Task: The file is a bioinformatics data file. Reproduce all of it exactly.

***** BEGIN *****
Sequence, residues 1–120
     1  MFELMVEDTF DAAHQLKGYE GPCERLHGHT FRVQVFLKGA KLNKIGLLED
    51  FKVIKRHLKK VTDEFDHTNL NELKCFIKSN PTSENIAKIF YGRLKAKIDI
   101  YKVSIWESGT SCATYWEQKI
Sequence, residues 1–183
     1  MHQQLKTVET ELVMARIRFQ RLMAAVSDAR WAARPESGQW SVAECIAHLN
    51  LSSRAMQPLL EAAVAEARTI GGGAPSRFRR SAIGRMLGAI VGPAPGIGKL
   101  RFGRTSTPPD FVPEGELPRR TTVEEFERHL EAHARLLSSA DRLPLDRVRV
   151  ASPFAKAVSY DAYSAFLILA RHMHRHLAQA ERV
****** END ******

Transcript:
Sequence, residues 1–120
     1  MFELMVEDTF DAAHQLKGYE GPCERLHGHT FRVQVFLKGA KLNKIGLLED
    51  FKVIKRHLKK VTDEFDHTNL NELKCFIKSN PTSENIAKIF YGRLKAKIDI
   101  YKVSIWESGT SCATYWEQKI
Sequence, residues 1–183
     1  MHQQLKTVET ELVMARIRFQ RLMAAVSDAR WAARPESGQW SVAECIAHLN
    51  LSSRAMQPLL EAAVAEARTI GGGAPSRFRR SAIGRMLGAI VGPAPGIGKL
   101  RFGRTSTPPD FVPEGELPRR TTVEEFERHL EAHARLLSSA DRLPLDRVRV
   151  ASPFAKAVSY DAYSAFLILA RHMHRHLAQA ERV